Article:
Le 05/03/2021 à 14:46, Irit Katriel via Python-Dev a écrit :
Whether you have "as" or not, the value of sys.exc_info() (which is what would be attached as the context to anything you raise in the except block) is the same. So these are not two different cases -- the only difference is whether or not you have a local variable set to sys.exc_info().
I don't really understand how this contradicts the behavior I proposed (i.e. that bare "raise" raises something else than what is bound to the "as" variable).
Specifically, which of the following statements are hard and unbreakable rules, even when exception groups are involved:
1) sys.exc_info() must be the same object that is bound to the "as" variable, if any;
2) sys.exc_info() must be the same object that is attached as __context__;
3) sys.exc_info() must be the same object that is raised by a bare "raise".
I'd say 1 is a hard rule because both objects are visible to user code, so backwards compatibility applies. Rules 2 and 3, however, are internal to the exception handling machinery, so I'm not so sure.
On Thu, Mar 4, 2021 at 4:46 PM Baptiste Carvello <firstname.lastname@example.org mailto:email@example.com> wrote:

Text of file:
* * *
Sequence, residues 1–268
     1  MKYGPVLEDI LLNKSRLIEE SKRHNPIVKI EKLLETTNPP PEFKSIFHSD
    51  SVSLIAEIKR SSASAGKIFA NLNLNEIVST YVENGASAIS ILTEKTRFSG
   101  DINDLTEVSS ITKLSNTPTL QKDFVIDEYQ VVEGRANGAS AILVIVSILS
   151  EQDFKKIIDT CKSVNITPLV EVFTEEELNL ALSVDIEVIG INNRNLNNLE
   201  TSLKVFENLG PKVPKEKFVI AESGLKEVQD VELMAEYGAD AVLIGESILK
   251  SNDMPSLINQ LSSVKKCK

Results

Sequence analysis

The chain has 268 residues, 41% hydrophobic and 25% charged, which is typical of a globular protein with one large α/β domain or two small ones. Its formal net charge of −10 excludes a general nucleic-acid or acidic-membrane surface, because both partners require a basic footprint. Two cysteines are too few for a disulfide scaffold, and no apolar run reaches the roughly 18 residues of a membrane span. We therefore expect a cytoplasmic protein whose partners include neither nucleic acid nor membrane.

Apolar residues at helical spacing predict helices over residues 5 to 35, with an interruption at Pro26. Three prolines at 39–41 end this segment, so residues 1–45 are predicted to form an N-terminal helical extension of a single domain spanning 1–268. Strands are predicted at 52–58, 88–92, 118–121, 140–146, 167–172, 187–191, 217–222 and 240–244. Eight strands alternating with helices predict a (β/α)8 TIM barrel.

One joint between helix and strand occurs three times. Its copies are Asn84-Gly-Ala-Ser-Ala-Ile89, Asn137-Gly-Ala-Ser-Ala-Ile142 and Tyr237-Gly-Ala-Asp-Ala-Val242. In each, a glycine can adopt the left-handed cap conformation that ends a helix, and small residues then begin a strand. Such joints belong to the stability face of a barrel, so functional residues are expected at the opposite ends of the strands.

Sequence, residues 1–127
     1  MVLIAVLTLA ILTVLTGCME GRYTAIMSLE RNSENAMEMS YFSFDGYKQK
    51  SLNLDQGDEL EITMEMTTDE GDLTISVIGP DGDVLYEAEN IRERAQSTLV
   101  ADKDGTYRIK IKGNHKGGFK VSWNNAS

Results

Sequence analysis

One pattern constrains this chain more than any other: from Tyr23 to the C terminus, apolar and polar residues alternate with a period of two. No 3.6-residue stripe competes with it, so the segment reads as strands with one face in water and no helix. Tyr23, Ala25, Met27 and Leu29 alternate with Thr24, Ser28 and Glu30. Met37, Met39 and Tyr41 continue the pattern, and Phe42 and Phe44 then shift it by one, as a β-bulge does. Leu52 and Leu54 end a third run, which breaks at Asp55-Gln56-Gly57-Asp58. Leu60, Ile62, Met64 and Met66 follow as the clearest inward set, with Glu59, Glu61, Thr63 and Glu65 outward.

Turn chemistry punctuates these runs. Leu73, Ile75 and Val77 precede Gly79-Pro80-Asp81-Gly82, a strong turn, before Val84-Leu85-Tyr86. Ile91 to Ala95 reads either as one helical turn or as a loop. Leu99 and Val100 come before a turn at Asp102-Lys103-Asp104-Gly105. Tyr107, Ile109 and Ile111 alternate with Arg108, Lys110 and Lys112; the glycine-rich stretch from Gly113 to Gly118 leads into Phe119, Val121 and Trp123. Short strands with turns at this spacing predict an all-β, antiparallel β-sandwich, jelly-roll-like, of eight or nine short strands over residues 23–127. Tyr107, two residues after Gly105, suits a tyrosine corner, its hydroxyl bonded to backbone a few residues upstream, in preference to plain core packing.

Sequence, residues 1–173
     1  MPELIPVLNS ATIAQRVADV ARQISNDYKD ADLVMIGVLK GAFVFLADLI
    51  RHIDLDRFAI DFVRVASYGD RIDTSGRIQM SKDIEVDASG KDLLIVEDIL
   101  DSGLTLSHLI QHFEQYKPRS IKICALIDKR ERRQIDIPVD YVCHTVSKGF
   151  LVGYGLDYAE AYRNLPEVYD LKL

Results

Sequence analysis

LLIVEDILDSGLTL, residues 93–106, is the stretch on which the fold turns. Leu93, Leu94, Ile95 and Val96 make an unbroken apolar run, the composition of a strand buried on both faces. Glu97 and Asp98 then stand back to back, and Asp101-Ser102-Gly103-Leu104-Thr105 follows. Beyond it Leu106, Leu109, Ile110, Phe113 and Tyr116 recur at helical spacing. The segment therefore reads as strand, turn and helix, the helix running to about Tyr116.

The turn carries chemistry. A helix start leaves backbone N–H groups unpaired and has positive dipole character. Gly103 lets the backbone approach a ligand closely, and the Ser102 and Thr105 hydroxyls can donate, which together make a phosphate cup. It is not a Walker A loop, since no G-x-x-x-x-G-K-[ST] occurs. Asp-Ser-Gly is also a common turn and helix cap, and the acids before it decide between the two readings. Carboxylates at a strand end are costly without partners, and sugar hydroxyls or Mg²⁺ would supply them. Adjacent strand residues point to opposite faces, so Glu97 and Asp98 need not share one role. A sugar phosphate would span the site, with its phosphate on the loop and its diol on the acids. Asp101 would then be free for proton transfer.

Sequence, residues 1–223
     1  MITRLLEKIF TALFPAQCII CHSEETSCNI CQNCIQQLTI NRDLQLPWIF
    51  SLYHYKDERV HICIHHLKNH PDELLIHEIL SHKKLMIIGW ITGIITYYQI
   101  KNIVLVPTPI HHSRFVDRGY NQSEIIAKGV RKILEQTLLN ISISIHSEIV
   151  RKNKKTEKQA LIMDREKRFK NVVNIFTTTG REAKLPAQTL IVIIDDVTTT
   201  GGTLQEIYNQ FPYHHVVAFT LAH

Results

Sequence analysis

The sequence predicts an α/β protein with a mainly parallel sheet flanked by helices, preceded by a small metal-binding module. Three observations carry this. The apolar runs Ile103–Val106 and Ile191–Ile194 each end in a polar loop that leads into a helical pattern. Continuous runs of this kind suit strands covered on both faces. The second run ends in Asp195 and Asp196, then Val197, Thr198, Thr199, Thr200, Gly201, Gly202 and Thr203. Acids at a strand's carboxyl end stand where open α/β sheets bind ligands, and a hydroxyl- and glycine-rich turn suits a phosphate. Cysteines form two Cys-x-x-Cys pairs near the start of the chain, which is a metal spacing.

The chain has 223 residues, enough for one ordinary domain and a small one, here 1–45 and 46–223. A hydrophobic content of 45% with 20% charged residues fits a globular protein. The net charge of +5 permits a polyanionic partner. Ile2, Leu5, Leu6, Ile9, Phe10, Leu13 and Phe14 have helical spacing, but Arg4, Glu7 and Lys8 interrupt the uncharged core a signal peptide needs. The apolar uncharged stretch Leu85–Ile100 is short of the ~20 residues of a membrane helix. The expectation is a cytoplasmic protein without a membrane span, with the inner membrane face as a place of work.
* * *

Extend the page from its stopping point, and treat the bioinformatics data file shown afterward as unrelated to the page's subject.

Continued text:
Hi, I'll take a shoot at this, just to see how it tastes… So, let's say: When an exception group reaches a set of traditional "except" clauses, those are examined one after the other, in the order they are in the code. That way, exceptions matched by several clauses will cause the first one to run, same as today. A subgroup is built with the subset of exceptions matched by the examined clause, as the PEP specifies for "except*". If this subgroup is None, the clause is not selected, and the next clause, if any, is examined. On the contrary, if the subgroup contains at least one matched exception, the clause is selected and no other clause will run (again, same as today). Exceptions not part of the subgroup are discarded. The clause body is then run just once (so the boss only gets one email about KeyboardInterrupt). If the clause uses the "as" form, the "as" variable is bound to one exception in the subgroup, which one is unspecified (at least for now). The other ones are discarded, except if a bare "raise" is reached (below). If a bare "raise" is reached while executing the body, the selected subgroup propagates out of the "try-except" construct. Justification: the whole group cannot propagate, because today a bare "raise" cannot reraise exceptions of a type not matched by the clause. However, if a single-type exception group is handled similar to a single exception in traditional "except" clauses, it is acceptable to let it propagate. So you would have: try: g=BaseExceptionGroup( [ValueError(), KeyboardInterrupt(), KeyboardInterrupt()]) raise g except RuntimeError: # doesn't match log_the_error() except KeyboardInterrupt as e: # builds s=g.subgroup(KeyboardInterrupt) email_the_boss(e) # tells the boss of any one error raise # reraises s except BaseException: # would match, but doesn't run launch_nuclear_attack() # BaseExceptionGroup([KeyboardInterrupt(), KeyboardInterrupt()]) # propagates further, a traditional "except KeyboardInterrupt" # would catch it. The ValueError is discarded. An interesting feature would be: when the matching clause has no "as", "except" behaves the same as "except*", apart from the fact that only one clause may run. Cheers, Baptiste _______________________________________________ Python-Dev mailing list -- firstname.lastname@example.org <mailto:email@example.com> To unsubscribe send an email to firstname.lastname@example.org <mailto:email@example.com> https://mail.python.org/mailman3/lists/python-dev.python.org/ Message archived at https://firstname.lastname@example.org/message/EXC6BQVHQXUXBHIEWHLSLU6FY7SJKIF3/ Code of Conduct: http://python.org/psf/codeofconduct/